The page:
2015-Sustainable Industrial Processing Summit
SIPS 2015 Volume 4: Meech Intl. Symp. / Mining Operations

Editors:Kongoli F, Veiga MM, Anderson C
Publisher:Flogen Star OUTREACH
Publication Year:2015
Pages:275 pages
ISBN:978-1-987820-27-0
ISSN:2291-1227 (Metals and Materials Processing in a Clean Environment Series)
CD-SIPS2015_Volume
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    Social Risk in the Extractives Sector: Do Miners Need New Skills to Be Successful?

    Jocelyn Fraser1; Andre Xavier2;
    1NBK INSTITUTE OF MINING ENGINEERING, UNIVERSITY OF BRITISH COLUMBIA, Vancouver, Canada; 2UBC-MINING, Vancouver, Canada;
    Type of Paper: Regular
    Id Paper: 471
    Topic: 4

    Abstract:

    The past five years have been a tumultuous time in the global mining sector. Declining commodity prices, revenues and profits; increasing capital costs and debt levels; and the reality of mining lower grade deposits, often in remote areas, have been problematic for project teams around the world. The traditional financial and environmental risk factors were exacerbated during this period by an exponential rise in the number of mining-community conflicts (ICMM as cited in Goldfields, 2014), and in the need to earn the trust of a myriad of different groups who have earned the right to be classified as stakeholders in mining projects.
    Research published in 2014 indicates that lack of social acceptance is now a leading and costly - cause of delays for mining projects (Davis & Frank, 2014). This suggests that building successful mines requires more than superior technical, environmental and financial expertise. It also requires specialized skills to work effectively with those living in communities next to where resources are located.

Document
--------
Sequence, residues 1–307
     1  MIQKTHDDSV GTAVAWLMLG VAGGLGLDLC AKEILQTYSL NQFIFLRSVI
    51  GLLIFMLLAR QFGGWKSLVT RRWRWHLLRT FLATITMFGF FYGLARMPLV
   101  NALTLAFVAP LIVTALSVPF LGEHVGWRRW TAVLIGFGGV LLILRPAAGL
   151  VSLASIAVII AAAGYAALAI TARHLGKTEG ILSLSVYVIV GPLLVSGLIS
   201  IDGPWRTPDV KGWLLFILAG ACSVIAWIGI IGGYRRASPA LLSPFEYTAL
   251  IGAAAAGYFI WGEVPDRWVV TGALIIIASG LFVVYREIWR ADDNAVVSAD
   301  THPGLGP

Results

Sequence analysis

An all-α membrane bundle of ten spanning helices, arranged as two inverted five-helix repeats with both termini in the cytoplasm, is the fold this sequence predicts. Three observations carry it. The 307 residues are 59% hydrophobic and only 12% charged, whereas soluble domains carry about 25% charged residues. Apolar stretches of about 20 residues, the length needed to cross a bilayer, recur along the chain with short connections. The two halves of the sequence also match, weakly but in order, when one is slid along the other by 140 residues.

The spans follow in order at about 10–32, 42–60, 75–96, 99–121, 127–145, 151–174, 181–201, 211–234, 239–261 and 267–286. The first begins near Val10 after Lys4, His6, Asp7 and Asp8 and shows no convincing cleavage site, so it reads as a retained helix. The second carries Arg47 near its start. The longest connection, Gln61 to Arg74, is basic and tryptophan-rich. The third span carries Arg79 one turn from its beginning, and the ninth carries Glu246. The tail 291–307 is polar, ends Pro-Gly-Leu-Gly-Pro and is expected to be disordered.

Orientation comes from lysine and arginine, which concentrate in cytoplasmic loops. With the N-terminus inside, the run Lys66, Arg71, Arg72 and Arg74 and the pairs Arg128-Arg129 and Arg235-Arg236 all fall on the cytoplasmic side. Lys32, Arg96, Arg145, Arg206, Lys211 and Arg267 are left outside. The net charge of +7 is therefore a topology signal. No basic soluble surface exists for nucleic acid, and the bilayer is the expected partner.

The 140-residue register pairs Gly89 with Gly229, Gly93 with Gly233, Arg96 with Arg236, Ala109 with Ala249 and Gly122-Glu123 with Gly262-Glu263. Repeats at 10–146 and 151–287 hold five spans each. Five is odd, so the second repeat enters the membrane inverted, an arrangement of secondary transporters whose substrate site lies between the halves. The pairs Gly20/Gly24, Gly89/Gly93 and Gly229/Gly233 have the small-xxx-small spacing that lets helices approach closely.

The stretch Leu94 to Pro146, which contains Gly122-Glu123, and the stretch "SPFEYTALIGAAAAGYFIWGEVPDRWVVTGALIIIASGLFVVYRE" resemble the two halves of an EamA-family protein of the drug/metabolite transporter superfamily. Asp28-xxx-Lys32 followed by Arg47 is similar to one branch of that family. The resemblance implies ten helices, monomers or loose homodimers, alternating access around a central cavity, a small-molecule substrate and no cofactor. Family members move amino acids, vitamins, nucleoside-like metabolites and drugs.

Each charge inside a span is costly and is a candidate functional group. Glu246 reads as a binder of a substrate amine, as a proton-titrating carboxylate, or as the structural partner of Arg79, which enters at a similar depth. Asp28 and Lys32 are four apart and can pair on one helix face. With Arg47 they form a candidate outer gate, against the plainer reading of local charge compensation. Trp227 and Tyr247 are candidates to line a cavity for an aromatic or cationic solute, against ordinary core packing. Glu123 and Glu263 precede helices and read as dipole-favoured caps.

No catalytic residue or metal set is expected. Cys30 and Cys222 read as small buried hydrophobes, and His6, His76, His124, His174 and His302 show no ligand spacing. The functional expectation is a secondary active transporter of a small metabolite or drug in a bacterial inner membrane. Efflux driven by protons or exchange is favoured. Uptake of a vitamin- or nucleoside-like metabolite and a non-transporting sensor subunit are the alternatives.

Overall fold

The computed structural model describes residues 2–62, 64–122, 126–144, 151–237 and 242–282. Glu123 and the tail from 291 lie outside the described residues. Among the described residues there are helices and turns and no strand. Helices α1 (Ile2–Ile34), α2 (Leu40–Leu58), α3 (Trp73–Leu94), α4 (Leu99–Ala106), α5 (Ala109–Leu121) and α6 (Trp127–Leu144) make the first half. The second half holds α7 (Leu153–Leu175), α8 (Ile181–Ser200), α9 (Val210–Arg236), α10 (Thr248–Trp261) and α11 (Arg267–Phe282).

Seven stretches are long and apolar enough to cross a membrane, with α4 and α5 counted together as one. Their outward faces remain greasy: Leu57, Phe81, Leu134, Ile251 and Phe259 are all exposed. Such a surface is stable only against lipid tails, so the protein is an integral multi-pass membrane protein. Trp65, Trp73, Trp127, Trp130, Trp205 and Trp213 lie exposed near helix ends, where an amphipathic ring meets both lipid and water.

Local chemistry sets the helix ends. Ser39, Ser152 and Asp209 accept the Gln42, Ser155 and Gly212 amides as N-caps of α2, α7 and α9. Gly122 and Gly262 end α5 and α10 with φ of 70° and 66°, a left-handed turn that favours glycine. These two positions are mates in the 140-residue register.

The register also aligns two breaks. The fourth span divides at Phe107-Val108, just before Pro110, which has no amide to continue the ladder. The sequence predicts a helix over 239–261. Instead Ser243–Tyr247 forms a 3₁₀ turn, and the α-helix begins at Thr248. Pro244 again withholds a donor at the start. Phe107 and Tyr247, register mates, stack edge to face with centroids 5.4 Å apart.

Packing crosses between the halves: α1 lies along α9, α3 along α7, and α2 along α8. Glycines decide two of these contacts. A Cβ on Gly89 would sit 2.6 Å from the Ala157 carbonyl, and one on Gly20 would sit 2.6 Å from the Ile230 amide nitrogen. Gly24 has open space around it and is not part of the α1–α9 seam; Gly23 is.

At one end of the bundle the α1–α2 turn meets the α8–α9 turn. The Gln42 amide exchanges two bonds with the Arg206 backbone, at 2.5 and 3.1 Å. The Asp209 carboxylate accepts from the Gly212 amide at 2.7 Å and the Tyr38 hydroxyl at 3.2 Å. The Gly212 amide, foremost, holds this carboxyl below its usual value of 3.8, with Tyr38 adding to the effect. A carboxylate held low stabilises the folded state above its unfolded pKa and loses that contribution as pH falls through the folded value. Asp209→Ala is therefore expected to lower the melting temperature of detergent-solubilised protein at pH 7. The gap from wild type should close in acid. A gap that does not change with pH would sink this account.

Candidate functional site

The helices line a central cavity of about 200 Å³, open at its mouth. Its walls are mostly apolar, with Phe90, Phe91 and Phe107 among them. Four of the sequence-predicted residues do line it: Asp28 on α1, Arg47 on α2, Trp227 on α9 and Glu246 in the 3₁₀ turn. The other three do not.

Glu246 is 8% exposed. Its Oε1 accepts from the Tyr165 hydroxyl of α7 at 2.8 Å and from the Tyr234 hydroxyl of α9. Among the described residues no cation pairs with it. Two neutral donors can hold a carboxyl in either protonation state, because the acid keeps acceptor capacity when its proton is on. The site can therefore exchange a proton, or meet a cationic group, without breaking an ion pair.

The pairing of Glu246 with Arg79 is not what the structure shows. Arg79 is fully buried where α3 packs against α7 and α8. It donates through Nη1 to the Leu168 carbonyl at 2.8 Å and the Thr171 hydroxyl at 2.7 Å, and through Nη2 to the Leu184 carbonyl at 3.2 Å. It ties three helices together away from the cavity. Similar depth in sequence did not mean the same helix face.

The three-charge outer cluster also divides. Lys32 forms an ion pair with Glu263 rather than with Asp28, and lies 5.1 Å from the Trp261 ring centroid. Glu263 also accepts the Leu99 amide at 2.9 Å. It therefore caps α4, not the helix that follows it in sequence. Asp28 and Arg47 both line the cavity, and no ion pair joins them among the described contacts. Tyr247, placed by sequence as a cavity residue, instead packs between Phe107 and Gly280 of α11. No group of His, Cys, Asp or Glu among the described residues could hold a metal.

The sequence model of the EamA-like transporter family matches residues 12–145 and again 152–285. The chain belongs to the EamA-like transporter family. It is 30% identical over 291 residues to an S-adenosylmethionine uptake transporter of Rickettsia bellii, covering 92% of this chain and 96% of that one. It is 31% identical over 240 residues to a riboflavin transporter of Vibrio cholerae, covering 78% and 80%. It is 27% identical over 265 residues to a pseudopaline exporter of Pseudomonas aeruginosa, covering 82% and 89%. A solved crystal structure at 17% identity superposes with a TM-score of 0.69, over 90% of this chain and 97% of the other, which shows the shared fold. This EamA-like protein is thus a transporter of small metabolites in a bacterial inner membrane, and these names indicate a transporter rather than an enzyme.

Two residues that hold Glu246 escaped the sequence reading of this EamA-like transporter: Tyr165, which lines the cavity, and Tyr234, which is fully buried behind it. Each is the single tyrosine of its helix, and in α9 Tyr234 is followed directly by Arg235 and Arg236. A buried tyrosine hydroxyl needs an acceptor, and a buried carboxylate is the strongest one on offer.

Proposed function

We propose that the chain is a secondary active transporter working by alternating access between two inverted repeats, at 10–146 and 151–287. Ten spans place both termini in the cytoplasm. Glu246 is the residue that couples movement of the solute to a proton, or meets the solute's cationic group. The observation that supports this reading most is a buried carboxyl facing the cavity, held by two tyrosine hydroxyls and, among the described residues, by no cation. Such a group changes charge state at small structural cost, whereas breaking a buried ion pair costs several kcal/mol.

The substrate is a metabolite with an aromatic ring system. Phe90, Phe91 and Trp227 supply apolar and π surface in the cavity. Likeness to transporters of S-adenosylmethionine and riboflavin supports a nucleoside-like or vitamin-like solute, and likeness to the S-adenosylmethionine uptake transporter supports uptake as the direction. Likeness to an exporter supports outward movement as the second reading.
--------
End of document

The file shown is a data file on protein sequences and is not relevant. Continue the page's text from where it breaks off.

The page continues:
This paper will consider the skills required for successful mine development, arguing that project team members require strong emotional intelligence (EQ) to enable their technical expertise to be appreciated. A media analysis of recent situations of mining company-community conflict will be undertaken to test the hypothesis that most incidents of social risk in the mining sector are driven by non-technical issues and the authors will discuss how the five attributes of EQ defined by Daniel Goleman -self-awareness, self-management, internal motivation, empathy and social skills could add value to project teams, be used to mitigate social risk to mining projects, optimize performance and identify opportunities for partnerships to create co-benefits.

    Keywords:

    Engineering; Sustainability;

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    Cite this article as:

    Fraser J and Xavier A. Social Risk in the Extractives Sector: Do Miners Need New Skills to Be Successful?. In: Kongoli F, Veiga MM, Anderson C, editors. Sustainable Industrial Processing Summit SIPS 2015 Volume 4: Meech Intl. Symp. / Mining Operations. Volume 4. Montreal(Canada): FLOGEN Star Outreach. 2015. p. 71-72.